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Identifying genomic regions targeted during eggplant domestication using transcriptome data

Identifying genomic regions targeted during eggplant domestication using transcriptome data
Identifying genomic regions targeted during eggplant domestication using transcriptome data
Identifying genes and traits that have diverged during domestication provides key information of importance for maintaining and even increasing yield and nutrients in existing crops. A ‘bottom up’ population genetics approach was used to identify signatures of selection across the eggplant genome, to better understand the process of domestication. RNA-seq data was obtained for four wild eggplants (Solanum insanum L.) and 16 domesticated eggplants (S. melongena L.) and mapped to the eggplant genome. SNPs exhibiting signatures of selection in domesticates were identified as those exhibiting high FST between the two populations (evidence of significant divergence) and low π for the domesticated population (indicative of a selective sweep). Some of these regions appear to overlap with previously identified QTL for domestication traits. Genes in regions of linkage disequilibrium surrounding these SNPs were searched against the Arabidopsis thaliana and tomato genomes to find orthologues. Subsequent Gene Ontology (GO) enrichment analysis identified over-representation of GO terms related to photosynthesis and response to the environment. This work reveals genomic changes involved in eggplant domestication and improvement, and how this compares to observed changes in the tomato genome, revealing shared chromosomal regions involved in the domestication of both species.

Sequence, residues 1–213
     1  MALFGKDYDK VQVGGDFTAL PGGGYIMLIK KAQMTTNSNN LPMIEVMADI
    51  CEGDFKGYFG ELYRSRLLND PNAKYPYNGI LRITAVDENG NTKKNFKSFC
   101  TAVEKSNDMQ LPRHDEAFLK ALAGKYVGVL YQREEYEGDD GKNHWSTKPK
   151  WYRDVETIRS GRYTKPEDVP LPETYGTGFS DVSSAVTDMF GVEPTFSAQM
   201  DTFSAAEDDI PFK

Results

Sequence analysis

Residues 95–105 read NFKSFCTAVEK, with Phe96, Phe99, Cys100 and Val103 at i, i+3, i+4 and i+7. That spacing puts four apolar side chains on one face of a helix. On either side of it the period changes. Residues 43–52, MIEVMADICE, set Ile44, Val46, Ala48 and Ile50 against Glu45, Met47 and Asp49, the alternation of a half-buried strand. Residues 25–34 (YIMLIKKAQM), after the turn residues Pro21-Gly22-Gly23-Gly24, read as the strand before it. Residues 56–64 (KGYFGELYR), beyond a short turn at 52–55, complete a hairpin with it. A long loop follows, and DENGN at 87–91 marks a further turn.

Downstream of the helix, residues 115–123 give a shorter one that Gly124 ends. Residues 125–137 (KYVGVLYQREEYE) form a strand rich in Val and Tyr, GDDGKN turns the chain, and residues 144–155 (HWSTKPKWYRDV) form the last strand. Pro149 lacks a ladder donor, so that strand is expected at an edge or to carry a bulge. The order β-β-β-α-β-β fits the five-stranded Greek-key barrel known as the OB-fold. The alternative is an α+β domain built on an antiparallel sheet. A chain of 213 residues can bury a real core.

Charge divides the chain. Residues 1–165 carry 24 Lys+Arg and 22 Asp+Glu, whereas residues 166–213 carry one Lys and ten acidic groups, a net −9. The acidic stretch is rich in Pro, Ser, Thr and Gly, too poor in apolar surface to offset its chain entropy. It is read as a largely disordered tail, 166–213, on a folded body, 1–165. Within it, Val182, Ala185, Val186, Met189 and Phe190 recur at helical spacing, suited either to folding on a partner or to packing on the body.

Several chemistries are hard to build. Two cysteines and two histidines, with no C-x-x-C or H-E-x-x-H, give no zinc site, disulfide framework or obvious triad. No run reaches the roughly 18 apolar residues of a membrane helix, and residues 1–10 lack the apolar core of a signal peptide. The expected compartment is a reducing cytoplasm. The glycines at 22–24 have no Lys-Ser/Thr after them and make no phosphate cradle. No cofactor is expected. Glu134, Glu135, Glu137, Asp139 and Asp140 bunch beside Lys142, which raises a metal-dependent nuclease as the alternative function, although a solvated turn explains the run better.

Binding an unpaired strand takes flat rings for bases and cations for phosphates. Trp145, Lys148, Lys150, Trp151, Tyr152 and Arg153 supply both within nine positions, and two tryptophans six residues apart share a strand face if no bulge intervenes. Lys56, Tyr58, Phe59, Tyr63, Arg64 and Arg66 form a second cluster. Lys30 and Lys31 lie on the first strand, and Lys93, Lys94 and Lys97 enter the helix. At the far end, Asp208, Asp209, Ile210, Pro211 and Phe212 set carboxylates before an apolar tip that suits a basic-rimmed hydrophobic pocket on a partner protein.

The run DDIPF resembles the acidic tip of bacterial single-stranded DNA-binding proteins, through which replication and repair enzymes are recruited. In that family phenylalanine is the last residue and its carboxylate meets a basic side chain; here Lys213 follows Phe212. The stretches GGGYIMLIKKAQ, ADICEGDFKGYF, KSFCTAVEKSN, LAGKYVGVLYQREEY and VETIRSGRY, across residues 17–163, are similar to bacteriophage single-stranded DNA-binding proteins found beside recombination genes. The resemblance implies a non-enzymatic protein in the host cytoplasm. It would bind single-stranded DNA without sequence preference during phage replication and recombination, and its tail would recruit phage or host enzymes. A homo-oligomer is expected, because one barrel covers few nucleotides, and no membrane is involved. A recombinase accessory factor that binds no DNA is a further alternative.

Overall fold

0022-1503
Page, Anna
17800ba3-c0b8-4ddf-b78c-94273b67189c
Chapman, Mark
8bac4a92-bfa7-4c3c-af29-9af852ef6383
Page, Anna
17800ba3-c0b8-4ddf-b78c-94273b67189c
Chapman, Mark
8bac4a92-bfa7-4c3c-af29-9af852ef6383

Page, Anna and Chapman, Mark (2021) Identifying genomic regions targeted during eggplant domestication using transcriptome data. Journal of Heredity, [esab035]. (doi:10.1093/jhered/esab035).

Record type: Article

Abstract

Identifying genes and traits that have diverged during domestication provides key information of importance for maintaining and even increasing yield and nutrients in existing crops. A ‘bottom up’ population genetics approach was used to identify signatures of selection across the eggplant genome, to better understand the process of domestication. RNA-seq data was obtained for four wild eggplants (Solanum insanum L.) and 16 domesticated eggplants (S. melongena L.) and mapped to the eggplant genome. SNPs exhibiting signatures of selection in domesticates were identified as those exhibiting high FST between the two populations (evidence of significant divergence) and low π for the domesticated population (indicative of a selective sweep). Some of these regions appear to overlap with previously identified QTL for domestication traits. Genes in regions of linkage disequilibrium surrounding these SNPs were searched against the Arabidopsis thaliana and tomato genomes to find orthologues. Subsequent Gene Ontology (GO) enrichment analysis identified over-representation of GO terms related to photosynthesis and response to the environment. This work reveals genomic changes involved in eggplant domestication and improvement, and how this compares to observed changes in the tomato genome, revealing shared chromosomal regions involved in the domestication of both species.

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esab035 - Accepted Manuscript
Restricted to Repository staff only until 15 June 2022.
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e-pub ahead of print date: 15 June 2021

Identifiers

Local EPrints ID: 449916
URI: http://eprints.soton.ac.uk/id/eprint/449916
ISSN: 0022-1503
PURE UUID: 2172ad79-f18c-4836-b17d-341ca016ff92
ORCID for Mark Chapman: ORCID iD orcid.org/0000-0002-7151-723X

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Date deposited: 25 Jun 2021 16:31
Last modified: 26 Jun 2021 01:44

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Contributors

Author: Anna Page
Author: Mark Chapman ORCID iD

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